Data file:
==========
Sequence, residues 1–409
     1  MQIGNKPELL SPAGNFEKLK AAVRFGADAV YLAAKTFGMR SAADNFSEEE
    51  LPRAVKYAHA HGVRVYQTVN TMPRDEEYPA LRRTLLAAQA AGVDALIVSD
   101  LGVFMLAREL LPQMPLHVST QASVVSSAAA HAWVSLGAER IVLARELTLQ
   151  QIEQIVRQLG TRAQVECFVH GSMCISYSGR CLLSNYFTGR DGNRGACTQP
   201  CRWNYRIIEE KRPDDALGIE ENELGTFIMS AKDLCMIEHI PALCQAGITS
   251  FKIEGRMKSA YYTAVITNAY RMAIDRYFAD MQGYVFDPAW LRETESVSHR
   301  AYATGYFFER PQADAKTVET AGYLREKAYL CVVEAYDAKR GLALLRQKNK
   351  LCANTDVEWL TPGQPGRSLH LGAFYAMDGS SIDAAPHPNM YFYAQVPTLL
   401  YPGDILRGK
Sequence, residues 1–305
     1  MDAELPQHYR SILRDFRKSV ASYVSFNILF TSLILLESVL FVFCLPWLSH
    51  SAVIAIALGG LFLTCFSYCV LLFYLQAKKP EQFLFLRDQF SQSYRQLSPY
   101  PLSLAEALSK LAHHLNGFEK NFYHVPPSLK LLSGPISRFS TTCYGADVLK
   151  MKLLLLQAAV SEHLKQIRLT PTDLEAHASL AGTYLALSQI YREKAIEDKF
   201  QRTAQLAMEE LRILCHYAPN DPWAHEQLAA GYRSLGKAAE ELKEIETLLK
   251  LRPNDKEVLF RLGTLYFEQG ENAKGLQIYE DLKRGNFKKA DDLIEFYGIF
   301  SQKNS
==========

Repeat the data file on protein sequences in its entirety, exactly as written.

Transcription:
Sequence, residues 1–409
     1  MQIGNKPELL SPAGNFEKLK AAVRFGADAV YLAAKTFGMR SAADNFSEEE
    51  LPRAVKYAHA HGVRVYQTVN TMPRDEEYPA LRRTLLAAQA AGVDALIVSD
   101  LGVFMLAREL LPQMPLHVST QASVVSSAAA HAWVSLGAER IVLARELTLQ
   151  QIEQIVRQLG TRAQVECFVH GSMCISYSGR CLLSNYFTGR DGNRGACTQP
   201  CRWNYRIIEE KRPDDALGIE ENELGTFIMS AKDLCMIEHI PALCQAGITS
   251  FKIEGRMKSA YYTAVITNAY RMAIDRYFAD MQGYVFDPAW LRETESVSHR
   301  AYATGYFFER PQADAKTVET AGYLREKAYL CVVEAYDAKR GLALLRQKNK
   351  LCANTDVEWL TPGQPGRSLH LGAFYAMDGS SIDAAPHPNM YFYAQVPTLL
   401  YPGDILRGK
Sequence, residues 1–305
     1  MDAELPQHYR SILRDFRKSV ASYVSFNILF TSLILLESVL FVFCLPWLSH
    51  SAVIAIALGG LFLTCFSYCV LLFYLQAKKP EQFLFLRDQF SQSYRQLSPY
   101  PLSLAEALSK LAHHLNGFEK NFYHVPPSLK LLSGPISRFS TTCYGADVLK
   151  MKLLLLQAAV SEHLKQIRLT PTDLEAHASL AGTYLALSQI YREKAIEDKF
   201  QRTAQLAMEE LRILCHYAPN DPWAHEQLAA GYRSLGKAAE ELKEIETLLK
   251  LRPNDKEVLF RLGTLYFEQG ENAKGLQIYE DLKRGNFKKA DDLIEFYGIF
   301  SQKNS